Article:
Monday, July 17, 2017

Athanasius, the Quicunque Vult, and Kevin Giles

Some people are convinced that Athanasius of Alexandria wrote the Athanasian Creed (the Quicunque Vult). There's just one problem with this conviction: Athanasius' dates are ca. 296-373 CE. So he did not live in the fifth century CE when the Quicunque Vult was possibly written. But there are other reasons to reject Athanasian authorship of the famed creed.

Edmund Fortman (The Triune God) writes these words pertaining to the Quicunque Vult:

"Its author, date, and source of origin are still matters of controversy. From the 7th century on it was generally ascribed to Athanasius, but in the 17th century it was realized that it was later than Athanasius and of Latin origin" (page 159).

"Many decades later [than Origen] the great Athanasius (c. 293-373) rose to a position of leadership in Alexandria" (Howard Vos, Exploring Church History, page 22).

"The creed [Quicunque Vult] was certainly not composed by its namesake, the famed Athanasius of Alexandria (293[?]-373), but by a later hand (or, hands)--the date of which, as mentioned in the text, has been variously assigned to anywhere from the fifth to the eighth centuries" (Matthew Alfs, Concepts of Father, Son, and Holy Spirit, 3).

For further information concerning Athanasius' dates and activities, see Richard Rubenstein's When Jesus Became God and W.H.C. Frend's The Rise of Christianity.

J.N.D. Kelly composed a major work dealing with the Quicunque Vult. See https://books.google.com/books?id=3ygYMwEACAAJ&dq=jnd+kelly+athanasian+creed&hl=en&sa=X&ved=0ahUKEwjugeLi8ZHVAhXGeSYKHUTJAJkQ6AEILTAB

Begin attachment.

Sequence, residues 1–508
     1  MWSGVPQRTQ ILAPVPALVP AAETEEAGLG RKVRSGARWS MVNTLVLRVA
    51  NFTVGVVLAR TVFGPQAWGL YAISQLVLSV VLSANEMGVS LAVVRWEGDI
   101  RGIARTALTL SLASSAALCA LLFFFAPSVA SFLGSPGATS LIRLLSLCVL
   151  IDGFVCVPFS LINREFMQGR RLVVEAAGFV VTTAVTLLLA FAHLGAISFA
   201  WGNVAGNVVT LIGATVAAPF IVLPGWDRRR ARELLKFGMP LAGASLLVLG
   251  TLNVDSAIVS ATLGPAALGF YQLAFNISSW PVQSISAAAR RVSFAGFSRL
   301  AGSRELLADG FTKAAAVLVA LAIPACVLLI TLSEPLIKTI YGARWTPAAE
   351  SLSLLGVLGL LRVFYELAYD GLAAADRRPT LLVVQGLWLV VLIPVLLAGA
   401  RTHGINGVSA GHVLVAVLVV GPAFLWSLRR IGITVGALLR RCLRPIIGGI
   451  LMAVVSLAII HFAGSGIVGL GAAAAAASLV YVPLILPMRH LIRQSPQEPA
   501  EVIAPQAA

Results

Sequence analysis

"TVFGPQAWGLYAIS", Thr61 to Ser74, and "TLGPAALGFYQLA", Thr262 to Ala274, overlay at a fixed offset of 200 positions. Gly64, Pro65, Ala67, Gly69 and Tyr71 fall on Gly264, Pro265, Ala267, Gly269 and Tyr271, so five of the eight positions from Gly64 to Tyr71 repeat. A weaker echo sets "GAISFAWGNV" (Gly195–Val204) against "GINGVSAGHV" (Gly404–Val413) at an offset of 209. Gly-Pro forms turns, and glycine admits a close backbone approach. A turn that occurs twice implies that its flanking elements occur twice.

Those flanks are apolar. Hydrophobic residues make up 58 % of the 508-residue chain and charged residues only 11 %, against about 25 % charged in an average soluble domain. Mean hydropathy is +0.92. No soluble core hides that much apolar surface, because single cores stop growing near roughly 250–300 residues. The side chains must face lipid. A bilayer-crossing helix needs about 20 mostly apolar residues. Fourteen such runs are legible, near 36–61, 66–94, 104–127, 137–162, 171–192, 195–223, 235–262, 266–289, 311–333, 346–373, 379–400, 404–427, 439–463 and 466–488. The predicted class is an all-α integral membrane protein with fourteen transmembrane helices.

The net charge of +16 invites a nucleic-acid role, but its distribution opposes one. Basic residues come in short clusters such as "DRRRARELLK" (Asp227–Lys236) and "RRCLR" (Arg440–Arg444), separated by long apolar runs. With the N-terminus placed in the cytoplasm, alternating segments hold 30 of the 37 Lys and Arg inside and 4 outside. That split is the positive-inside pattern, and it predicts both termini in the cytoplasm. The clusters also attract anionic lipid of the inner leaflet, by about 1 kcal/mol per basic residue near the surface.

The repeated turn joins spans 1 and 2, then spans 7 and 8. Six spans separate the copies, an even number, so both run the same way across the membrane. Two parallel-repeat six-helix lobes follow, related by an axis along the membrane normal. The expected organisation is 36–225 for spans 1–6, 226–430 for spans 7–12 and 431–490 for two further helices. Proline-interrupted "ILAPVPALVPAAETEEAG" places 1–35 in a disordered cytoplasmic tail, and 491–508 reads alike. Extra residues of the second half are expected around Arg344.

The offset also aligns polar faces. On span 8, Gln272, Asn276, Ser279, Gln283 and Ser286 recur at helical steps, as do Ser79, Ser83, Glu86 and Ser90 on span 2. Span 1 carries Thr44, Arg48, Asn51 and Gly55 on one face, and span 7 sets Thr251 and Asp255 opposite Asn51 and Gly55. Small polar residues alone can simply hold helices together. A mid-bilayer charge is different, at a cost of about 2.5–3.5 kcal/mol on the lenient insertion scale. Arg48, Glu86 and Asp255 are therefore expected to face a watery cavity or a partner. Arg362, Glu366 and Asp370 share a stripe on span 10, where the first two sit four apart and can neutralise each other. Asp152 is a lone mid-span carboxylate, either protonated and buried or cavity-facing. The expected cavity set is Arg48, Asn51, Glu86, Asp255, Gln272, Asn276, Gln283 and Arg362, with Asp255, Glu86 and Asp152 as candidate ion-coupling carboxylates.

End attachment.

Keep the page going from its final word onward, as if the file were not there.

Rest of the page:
Additionally, Kevin Giles maintains that the Quicunque Vult was probably composed in southern France circa 500 CE as a touchstone of orthodoxy. Despite the fact that the symbol (i.e., creed) was not composed by its namesake, Lutherans, Roman Catholics and Anglicans have traditionally viewed the document as doctrinally binding or normative for faith. Essentially, Giles explains, this is because the famed symbol is evidently rooted in Augustinian and Athanasian thought--it is thought to be the continuation of a venerable ecclesiastical tradition that stretches back to the ancient and formative Christian church.

According to Giles, the Quicunque Vult excludes all forms of subordination(ism) within the Godhead and he quotes Leonard Hodgson and J.N.D. Kelly to buttress this statement. Giles avers that the three persons (Father, Son, and Holy Spirit) are distinct insofar as they bear "differing relations" to one another because of their "differing origins," namely, innascibility, filiation and spiration (eternal procession). Nevertheless, he asserts that the "differing origins" do not provide the basis for positing dependent eternal functions "within the Godhead."

In view of the language contained in the Quicunque Vult, Giles concludes that the Son is only subordinate to the Father vis-a-vis his humanity; the Son is not subordinate to the Father per his eternal role, function or essence. Giles therefore sternly emphasizes that the Athanasian Creed "condemns" the theological position of those who espouse and advocate eternal subordination(ism) within the triune Godhead. Giles pretty much views subordinationist positions as heretical. And that is an understatement!

See Giles, The Trinity and Subordinationism, page 50ff.

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